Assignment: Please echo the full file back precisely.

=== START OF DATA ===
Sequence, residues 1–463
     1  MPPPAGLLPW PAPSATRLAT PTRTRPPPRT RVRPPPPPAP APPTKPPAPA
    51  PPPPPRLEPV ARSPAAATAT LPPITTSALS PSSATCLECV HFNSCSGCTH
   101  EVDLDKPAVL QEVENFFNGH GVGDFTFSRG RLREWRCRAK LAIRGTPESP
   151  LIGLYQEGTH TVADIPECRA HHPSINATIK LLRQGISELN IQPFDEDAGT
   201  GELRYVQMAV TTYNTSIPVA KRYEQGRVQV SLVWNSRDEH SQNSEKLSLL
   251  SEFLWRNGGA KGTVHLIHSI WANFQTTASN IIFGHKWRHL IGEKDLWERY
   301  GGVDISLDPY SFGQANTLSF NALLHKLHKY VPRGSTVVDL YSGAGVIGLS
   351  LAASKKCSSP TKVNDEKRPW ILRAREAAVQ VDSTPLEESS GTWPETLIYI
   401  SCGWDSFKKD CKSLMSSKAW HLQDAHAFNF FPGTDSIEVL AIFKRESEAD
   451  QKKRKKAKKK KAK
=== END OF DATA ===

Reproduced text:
Sequence, residues 1–463
     1  MPPPAGLLPW PAPSATRLAT PTRTRPPPRT RVRPPPPPAP APPTKPPAPA
    51  PPPPPRLEPV ARSPAAATAT LPPITTSALS PSSATCLECV HFNSCSGCTH
   101  EVDLDKPAVL QEVENFFNGH GVGDFTFSRG RLREWRCRAK LAIRGTPESP
   151  LIGLYQEGTH TVADIPECRA HHPSINATIK LLRQGISELN IQPFDEDAGT
   201  GELRYVQMAV TTYNTSIPVA KRYEQGRVQV SLVWNSRDEH SQNSEKLSLL
   251  SEFLWRNGGA KGTVHLIHSI WANFQTTASN IIFGHKWRHL IGEKDLWERY
   301  GGVDISLDPY SFGQANTLSF NALLHKLHKY VPRGSTVVDL YSGAGVIGLS
   351  LAASKKCSSP TKVNDEKRPW ILRAREAAVQ VDSTPLEESS GTWPETLIYI
   401  SCGWDSFKKD CKSLMSSKAW HLQDAHAFNF FPGTDSIEVL AIFKRESEAD
   451  QKKRKKAKKK KAK